Cars 2 AppMates iPad toys stuck in neutral
At a Glance
It may not match the artistic achievement of the Toy Story trilogy, the distinctive look of The Incredibles, or even the heart of Ratatouille, but Cars is one of the more popular Pixar franchises, particularly among the pint-sized set. Given the appeal of Cars to kids, an onrush of merchandise tie-ins to last summer’s Cars 2 sequel was inevitable. And merchandise that also worked with the just-as-popular iPad—like the Cars 2 AppMates from Disney—was probably just as inevitable.
There’s actually a clever idea behind the AppMates, which are miniature recreations of the Cars 2 characters. You drive the little toys across the surface of an iPad, which is running a dedicated iPad app. Thanks to sensors on the bottom of the AppMate, the iPad software not only recognizes that the toys are on the screen, it can also distinguish the Lightning McQueen toy from the Holly Shiftwell one. From there, you can use your toy to interact with characters in the Cars 2 AppMates app, exploring Radiator Springs and racing against virtual opponents.
Like I said, it’s a clever idea. Unfortunately, it’s not an entirely well-executed one, as a result of problems with both the hardware and the software.
To make your AppMate visible to the accompanying iPad app when it’s placed on the tablet screen, you have to grip the car’s side windows with a finger—essentially completing a circuit. Loosen your grip on the car, and it will stop moving down the virtual streets of Radiator Springs. It sounds easy enough, but keeping your fingers in place for a prolonged period of play can be a bit of strain. Turning to follow the curves of a racetrack—all without letting go of the car—forced me to do things with my wrist that the human body shouldn’t be asked to do. Eventually, I settled on just holding my AppMate in place and rotating the iPad underneath to execute turns and other wrist-bending maneuvers.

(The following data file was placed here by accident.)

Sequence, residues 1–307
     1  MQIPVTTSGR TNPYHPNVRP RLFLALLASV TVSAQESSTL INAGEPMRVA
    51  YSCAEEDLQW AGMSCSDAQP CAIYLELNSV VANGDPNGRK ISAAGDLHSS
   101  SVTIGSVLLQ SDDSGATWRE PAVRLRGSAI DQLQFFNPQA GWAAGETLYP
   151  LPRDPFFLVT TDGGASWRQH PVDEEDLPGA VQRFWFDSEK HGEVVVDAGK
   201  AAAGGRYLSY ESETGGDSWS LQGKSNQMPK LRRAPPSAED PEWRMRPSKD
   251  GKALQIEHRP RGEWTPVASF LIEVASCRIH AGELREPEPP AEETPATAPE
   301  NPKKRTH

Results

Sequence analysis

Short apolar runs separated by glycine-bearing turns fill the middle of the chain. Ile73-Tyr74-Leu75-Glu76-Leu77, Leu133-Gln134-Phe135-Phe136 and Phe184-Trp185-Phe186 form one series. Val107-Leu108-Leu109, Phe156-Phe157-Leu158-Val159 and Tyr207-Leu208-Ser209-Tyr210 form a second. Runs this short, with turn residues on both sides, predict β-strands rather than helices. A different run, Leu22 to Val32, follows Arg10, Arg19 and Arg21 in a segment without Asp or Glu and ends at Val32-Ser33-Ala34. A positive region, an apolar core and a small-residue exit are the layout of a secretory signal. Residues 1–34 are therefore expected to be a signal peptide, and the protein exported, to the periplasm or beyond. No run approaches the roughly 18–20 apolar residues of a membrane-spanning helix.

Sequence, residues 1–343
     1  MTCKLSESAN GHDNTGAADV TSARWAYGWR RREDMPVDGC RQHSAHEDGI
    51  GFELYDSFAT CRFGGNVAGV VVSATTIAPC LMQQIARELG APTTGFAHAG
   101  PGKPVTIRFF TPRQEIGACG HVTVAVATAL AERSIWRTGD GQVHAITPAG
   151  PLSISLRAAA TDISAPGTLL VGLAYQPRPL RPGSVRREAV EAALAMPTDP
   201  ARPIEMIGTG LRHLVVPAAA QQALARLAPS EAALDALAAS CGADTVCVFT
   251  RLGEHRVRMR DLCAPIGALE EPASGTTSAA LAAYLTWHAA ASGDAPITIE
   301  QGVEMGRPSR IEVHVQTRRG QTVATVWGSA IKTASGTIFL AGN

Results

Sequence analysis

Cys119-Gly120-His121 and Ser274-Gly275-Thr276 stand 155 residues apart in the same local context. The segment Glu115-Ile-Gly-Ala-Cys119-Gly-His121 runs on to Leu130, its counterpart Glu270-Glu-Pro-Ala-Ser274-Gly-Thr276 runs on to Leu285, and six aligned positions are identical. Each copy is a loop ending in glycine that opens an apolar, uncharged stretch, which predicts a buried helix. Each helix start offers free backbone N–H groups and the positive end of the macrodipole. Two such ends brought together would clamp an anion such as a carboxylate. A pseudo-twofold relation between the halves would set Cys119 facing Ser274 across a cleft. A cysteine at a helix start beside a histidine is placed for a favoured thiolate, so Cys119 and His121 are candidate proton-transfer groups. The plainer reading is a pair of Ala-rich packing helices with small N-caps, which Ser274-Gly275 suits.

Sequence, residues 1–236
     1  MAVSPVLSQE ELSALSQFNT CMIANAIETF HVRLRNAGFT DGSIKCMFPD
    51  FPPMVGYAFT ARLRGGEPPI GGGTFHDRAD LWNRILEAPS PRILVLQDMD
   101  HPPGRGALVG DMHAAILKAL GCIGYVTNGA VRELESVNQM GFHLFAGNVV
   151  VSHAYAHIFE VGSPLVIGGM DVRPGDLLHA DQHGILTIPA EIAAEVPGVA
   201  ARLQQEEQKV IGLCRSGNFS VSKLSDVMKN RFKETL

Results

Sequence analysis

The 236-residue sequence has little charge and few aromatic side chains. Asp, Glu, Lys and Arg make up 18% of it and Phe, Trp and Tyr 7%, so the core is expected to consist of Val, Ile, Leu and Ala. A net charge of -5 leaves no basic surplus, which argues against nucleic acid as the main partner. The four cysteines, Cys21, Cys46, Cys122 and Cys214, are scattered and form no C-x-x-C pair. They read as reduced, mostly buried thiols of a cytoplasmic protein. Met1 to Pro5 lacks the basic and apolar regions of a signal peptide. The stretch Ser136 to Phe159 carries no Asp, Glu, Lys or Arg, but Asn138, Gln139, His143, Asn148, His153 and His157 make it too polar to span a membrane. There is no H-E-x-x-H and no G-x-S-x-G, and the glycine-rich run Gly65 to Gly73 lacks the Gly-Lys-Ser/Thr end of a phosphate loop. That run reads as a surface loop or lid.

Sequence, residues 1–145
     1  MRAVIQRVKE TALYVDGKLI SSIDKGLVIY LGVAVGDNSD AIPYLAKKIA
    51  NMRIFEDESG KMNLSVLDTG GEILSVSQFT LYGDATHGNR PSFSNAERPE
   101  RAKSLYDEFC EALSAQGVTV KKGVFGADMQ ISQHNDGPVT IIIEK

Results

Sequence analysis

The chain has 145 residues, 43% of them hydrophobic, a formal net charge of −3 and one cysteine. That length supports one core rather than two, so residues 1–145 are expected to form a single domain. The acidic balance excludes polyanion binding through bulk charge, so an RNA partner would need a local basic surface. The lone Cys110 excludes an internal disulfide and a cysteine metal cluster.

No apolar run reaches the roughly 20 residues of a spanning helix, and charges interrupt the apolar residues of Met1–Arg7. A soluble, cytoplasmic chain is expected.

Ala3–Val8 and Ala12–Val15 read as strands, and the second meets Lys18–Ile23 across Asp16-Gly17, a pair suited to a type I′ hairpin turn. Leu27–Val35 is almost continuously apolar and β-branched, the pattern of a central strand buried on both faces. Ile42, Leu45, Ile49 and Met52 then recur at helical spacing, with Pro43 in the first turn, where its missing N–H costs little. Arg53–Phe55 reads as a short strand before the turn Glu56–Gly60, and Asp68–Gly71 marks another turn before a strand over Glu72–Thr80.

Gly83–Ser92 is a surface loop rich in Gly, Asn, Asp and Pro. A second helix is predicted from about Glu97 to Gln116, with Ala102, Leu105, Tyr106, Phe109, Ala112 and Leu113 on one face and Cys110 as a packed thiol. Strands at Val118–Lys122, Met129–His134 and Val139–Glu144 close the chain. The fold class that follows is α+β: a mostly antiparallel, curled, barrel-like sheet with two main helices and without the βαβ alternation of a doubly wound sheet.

Then again, I’m a full-grown adult, and the AppMates are designed for hands much smaller than mine. So I called upon my nephews—aged 10 and 8—to take these toy cars out for a test drive. The 10-year-old, a burgeoning gamer, took to the devices instantly; he was able to spin, turn, and race, without any problem. The 8-year-old had less success—but that was more an issue of how the cars and the app work together.
For best results, you need to keep your AppMate in the center of the iPad screen, while the action scrolls beneath you. Human instinct, however, makes us want to physically push the car forward, like we would a toy on a physical playset. That’s what my 8-year-old nephew kept doing, inching his Lightning McQueen toy ever forward until it was nearly off the edge of the iPad and the app had to politely remind him to return to the center of the screen. The 8-year-old seemed to enjoy playing with the AppMate toys, but he was also visibly frustrated. The bottom line: Not every kid is going to have an easy time playing with these toys.
The AppMate cars are only as good as the software that supports them, and as of this writing, the Cars 2 AppMates app just isn’t very good. I’ve been using version 1.1.1 of the iPad app during testing, and at first I wasn’t able to play for more than a few minutes without a crash of the non-vehicular kind. Driving around Radiator Springs, upgrading my virtual tires, participating in one of the game’s mini-challenges—all of it brought the app to a crashing halt, leaving me with little more than an undersized Cars toy. (Uninstalling the app—and wiping out all the achievements I had earned up until then—and restarting my iPad got the update to work properly.)
In happier days, when earlier versions of the app worked with greater reliability—in its brief App Store life, Cars 2 AppMates has never been entirely crash-free—I was able to explore the environs of Radiator Springs, and I think the multitude of activities will be enjoyable to most kids. That said, even at the app’s most stable, scrolling can be choppy, especially on the original iPad.
Since the app is free, I would recommend downloading it before you lay out any money for the toys. (The twin-pack of AppMate toys I tested cost about $23; some retailers offer a single car for half that.) The AppMates app features a “Paper Lightning” figure—basically an on-screen representation of the physical toy—that allows you to explore the app’s offerings. You can see if you have better luck with the current version’s stability than I did. And, since you have to keep your fingers on the Paper Lightning in the same way that you’d handle the physical toy, you can get a sense of whether your kids will adjust to AppMates’s quirky controls.
I appreciate any effort to turn the iPad into something other than a screen at which you passively stare. Disney should be applauded for thinking up ways to get kids to exercise their imaginations, even if it is in the name of moving more movie merchandise. The trouble is, AppMates—the toy and especially the iPad app—needs more time in the pit lane for some fine-tuning.
[Philip Michaels is the editor of Macworld.com.]